With Matt feeling under the weather and the punishing 35 degree heat taking its toll on all, we decide to retreat to the mountains of the Western Ghats. Two buses, heaps of uncertainty, a friendly Tamil and five hours later we arrive in Kodaikanal. Everything in India seems to be a crap shoot, sometimes literally.
Kodaikanal is a small town that sits at 2100 meters surrounded by lush deciduous forest. With it's 35,000 inhabitants, pleasant 25 degree temperature and large cloverleaf lake, all three of us felt better as soon as we exited the bus.
After having the best Masala tea to date, Jen and I headed off on a 16km round trip hike to Pillar Rock. At about the 6km mark we came to Green Valley view, a beautiful view point of the overlapping mountains. Unfortunately, between the thick thick fog obstructing the view and the legion of tourists, this seems to be a fruitless intermission to the hike. The saving grace were the numerous macaque monkeys all around. I became very enthusiastic and begun to take a plethora of photos. No more than 5 minutes into watching the monkeys, one of the them started to growl at Jen, then another stole a little girls snack and yet another pilfered a water bottle. My love of monkeys fades slightly.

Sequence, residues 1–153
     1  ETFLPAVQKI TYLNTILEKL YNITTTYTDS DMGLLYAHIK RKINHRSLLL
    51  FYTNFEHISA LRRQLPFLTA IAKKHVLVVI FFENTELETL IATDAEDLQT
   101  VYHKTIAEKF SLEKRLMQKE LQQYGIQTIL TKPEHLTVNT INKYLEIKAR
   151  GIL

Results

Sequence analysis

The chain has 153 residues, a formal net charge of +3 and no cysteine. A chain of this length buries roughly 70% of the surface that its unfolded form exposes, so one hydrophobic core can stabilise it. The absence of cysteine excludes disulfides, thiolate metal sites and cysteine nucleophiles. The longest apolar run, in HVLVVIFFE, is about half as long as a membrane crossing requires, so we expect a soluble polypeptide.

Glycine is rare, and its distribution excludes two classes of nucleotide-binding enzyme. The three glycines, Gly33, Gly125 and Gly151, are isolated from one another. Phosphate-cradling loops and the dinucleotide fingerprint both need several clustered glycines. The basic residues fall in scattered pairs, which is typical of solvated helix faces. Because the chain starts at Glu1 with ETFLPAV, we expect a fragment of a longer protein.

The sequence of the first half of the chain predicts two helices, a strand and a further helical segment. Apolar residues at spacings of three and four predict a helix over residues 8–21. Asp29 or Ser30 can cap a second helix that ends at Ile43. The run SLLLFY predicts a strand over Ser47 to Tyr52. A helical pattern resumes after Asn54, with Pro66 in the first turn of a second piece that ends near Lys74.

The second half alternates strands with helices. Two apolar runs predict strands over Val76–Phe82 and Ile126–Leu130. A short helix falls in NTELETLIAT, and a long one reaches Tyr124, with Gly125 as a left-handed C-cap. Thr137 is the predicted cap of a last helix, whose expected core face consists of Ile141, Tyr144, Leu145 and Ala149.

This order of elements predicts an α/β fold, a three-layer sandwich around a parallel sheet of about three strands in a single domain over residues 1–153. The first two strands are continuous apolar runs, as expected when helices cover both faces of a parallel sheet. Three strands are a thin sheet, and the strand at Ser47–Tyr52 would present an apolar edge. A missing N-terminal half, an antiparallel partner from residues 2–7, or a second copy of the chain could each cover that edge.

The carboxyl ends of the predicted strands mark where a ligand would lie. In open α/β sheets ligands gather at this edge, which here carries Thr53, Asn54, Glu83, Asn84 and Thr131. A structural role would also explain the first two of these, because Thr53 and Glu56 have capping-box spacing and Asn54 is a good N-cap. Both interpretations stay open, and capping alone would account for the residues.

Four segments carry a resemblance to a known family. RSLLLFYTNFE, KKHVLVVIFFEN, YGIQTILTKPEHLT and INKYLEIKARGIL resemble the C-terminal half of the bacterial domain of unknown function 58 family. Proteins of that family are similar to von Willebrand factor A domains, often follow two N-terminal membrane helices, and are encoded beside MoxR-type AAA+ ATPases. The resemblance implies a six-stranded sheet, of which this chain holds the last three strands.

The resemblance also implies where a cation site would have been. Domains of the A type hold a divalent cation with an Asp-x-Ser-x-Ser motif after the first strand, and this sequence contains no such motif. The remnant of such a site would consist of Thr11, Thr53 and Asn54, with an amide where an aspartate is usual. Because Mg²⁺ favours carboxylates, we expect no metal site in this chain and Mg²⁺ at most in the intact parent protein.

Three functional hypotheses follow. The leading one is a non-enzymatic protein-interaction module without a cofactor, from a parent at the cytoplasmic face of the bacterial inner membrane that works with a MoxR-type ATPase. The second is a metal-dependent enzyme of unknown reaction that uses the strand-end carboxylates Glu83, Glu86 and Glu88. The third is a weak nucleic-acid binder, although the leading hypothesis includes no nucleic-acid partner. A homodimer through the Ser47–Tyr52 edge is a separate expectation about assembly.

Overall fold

Within two more kilometers we came upon Pillar Rock, two towering 400 foot slab giants standing shoulder to shoulder watching over Green Valley. Lightly draped in mist the rocks took on a poetic scene. This was definitely worth the 8km hike. No sooner do we get to the view point, I notice the area peppered with macaque monkeys and become slightly concerned. These, however, are very docile and almost posing for the tourist paparazzi snapping away at them. Some parents even position their children within inches of the monkeys. I often think that parents are more foolish than their children.
With an already long day behind us we begin the long walk back to town. Once well out of the range of the monkeys, I open a much deserved snack of peanuts. I'm no more than halfway through my snack that I see a monkey 30 feet away charging at me full steam. While I remember the macaque being the size of a VW Golf, Jen maintains that it was no bigger than a medium size dog. Never-the-less, I know he wants my ever so tasty peanuts. Thinking quickly I put the peanuts in my pocket. Damn, no change in trajectory or speed. With only about 7 feet remaining between the monkey and myself I throw the peanuts to the side and with them the monkey follows.
I hate monkeys.